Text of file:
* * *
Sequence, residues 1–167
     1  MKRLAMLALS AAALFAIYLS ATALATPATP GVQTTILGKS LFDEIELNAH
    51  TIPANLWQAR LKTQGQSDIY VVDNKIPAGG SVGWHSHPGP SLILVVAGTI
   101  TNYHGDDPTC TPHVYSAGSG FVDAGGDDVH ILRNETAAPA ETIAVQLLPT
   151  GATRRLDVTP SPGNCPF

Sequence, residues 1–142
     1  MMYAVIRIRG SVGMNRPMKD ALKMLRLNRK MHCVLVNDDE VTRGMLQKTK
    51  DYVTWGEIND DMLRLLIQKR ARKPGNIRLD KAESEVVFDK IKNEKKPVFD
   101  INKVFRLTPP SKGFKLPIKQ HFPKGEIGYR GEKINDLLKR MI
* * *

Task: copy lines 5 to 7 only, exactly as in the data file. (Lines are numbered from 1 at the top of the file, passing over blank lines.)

   151  GATRRLDVTP SPGNCPF

Sequence, residues 1–142
     1  MMYAVIRIRG SVGMNRPMKD ALKMLRLNRK MHCVLVNDDE VTRGMLQKTK